This is the worst joke overheard yet on the Houston Metro:
Can you get mononucleosis on the monorail?
Second worst joke:
Was antipasta invented in Avignon?
...is a pretty nice color. i found these chairs and the wall they are displayed against near the Flightpath coffeshop in south(ish) austin. i found myself that far south because i was out fulfilling the requirements for getting the !@#$ ticket i received dismissed.
we are soon to be releasing our first self-promo piece, a 4x6 postcard to be mailed to a targeted list of 1500 local businesses. wish us luck
"Watching Howard Dean's rousing 'speech' (I'm not sure what to call it... rant?) to his troops at the end of the day, it occurred to me that Kerry and Edwards aren't just the best looking candidates, but the best-talking ones as well. They are practiced and excellent public speakers. As message delivery boys, they hit the porch every time.
Dean is an okay speaker. He's not great. I'm told he can be very good, but I haven't seen it yet. But he's also a doctor. Good politicians tell you want you want to hear. Good doctors tell you what you need to hear, whether you want it or not."
Doctor sez: "NORTH DAKOTA, ALABAMA, CALIFORNIA . . . ." whether you like it or not. Hilarious.
USA Today offers details on the upcoming Pepsi/iTunes Superbowl ad campaign which will launch the 100 million iTunes song giveaway.
The new ad campaign will feature 20 teens who were sued by the Recording Industry Association of America for illegal music downloads.
It is often perplexing to me when the culture of an organization appears defensive rather than accepting of criticism. Last month the New York Times did not cover large demonstrations protesting the terrorists within Iraq who are bombing things, etc. It was apparently well covered by local bloggers and since then, American blogs like Jeff Jarvis' (linked above) have attempted to take the Times to task for this oversight. In Jarvis' latest update, the Time's has responded and the response is composed of excuses.
This reminds me of my last interaction at the Apple Store. The power supply of my laptop went out and I went to the Houston Galleria Apple Store to get a warrantee replacement. The power supply is one of those show stoppers for a computer, nothing runs without it (although I'm not certain what failing on a laptop is not a show stopper). However, it is a small object that is readily available from anywhere. Still the Apple Store didn't have it.
The guy at the genius bar said, "we'll have one in two days and I will give you a call when it is in." I thought that was reasonable, because if they were out, it would take a weekday for them to order it and a day for the shipment to come in. However, that didn't keep my laptop running. I wound up buying a spare power supply, something that I had wanted anyway so I didn't have to cart it between the house and office all the time. Amber said that I should have been more upset, however, I have an understanding and acceptance of this sort of stuff.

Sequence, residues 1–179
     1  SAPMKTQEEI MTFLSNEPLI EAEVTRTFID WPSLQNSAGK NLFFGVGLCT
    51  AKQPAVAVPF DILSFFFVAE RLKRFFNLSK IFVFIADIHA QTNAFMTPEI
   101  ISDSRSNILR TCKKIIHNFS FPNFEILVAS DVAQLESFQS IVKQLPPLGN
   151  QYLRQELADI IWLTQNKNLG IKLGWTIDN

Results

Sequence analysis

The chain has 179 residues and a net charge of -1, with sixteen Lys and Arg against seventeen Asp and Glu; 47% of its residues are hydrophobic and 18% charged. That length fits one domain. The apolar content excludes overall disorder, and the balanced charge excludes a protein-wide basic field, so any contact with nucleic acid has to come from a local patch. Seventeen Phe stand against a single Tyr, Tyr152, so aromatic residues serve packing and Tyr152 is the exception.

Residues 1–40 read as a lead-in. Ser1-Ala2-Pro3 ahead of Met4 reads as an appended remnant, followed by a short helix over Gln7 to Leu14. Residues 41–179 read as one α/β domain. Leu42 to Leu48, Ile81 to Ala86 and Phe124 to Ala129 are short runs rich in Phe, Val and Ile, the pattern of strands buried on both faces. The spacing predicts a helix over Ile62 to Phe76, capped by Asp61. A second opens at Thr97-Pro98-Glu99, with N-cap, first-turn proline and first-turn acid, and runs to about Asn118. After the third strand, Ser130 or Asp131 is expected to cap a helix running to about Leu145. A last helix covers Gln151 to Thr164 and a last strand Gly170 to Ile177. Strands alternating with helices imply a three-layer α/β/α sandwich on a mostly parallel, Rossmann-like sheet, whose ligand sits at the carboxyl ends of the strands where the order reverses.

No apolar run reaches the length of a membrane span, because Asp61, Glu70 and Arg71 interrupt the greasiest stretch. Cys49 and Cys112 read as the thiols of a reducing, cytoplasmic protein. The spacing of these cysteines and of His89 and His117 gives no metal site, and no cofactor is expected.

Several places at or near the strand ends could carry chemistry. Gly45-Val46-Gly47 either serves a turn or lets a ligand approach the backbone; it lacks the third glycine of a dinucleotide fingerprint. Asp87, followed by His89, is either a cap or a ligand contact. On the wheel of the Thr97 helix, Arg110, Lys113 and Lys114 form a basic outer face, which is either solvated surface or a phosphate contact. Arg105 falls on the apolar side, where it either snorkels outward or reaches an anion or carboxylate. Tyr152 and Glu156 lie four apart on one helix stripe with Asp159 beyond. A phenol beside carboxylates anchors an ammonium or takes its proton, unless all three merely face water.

The guy from the genius bar didn't call until the following Friday. Amber said that I should definitely say something about this, so when I picked up the replacement, I said that I understand about supply shortages, but would like to register a complaint about how long it took to get a replacement. The guy immediately gets defensive and starts saying how they never know when their supply gets low and it is hard to forecast, etc.
I said okay, just to shut him up. As a result, I really hate the Apple Store and this guy in particular because (a.) I wasn't treated like someone who bought something for $2,500 with tax since they didn't fix the damn thing even though they had other stock sitting on the shelf, and (b.) when I try to politely state my complaint, with the utmost of understanding that it isn't his fault personally, I get treated to excuses as if I am being unreasonable.
This goes against the social mores of customer service culture. It isn't that the customer is always right, but when the customer has some input you accept it as their viewpoint and respect it as their viewpoint even if you do plan to file the input in the trash. If the complaint is due to an error, you can optionally state the reason for the error, but in all likelihood you don't bother because it doesn't focus on fixing the error for that person, the reason for the error is only helpful within the organization to avoid the error in the future.
Why am I thinking about all of this? It goes back to the Dean Scream. So screaming is part of the internal culture of the Dean campaign and the scream speech was meant as a rallying the troops rally instead of a general "this is who I am and this is why you should vote for me" speech. What, they all do a collective Rowdy Roddy Piper or Hacksaw Jim Duggan impression while listing the states they're going to go to? I think that it is pretty disappointing that Dean didn't respect and accept the viewpoint of Iowa voters but instead retreated to his internal campaign culture.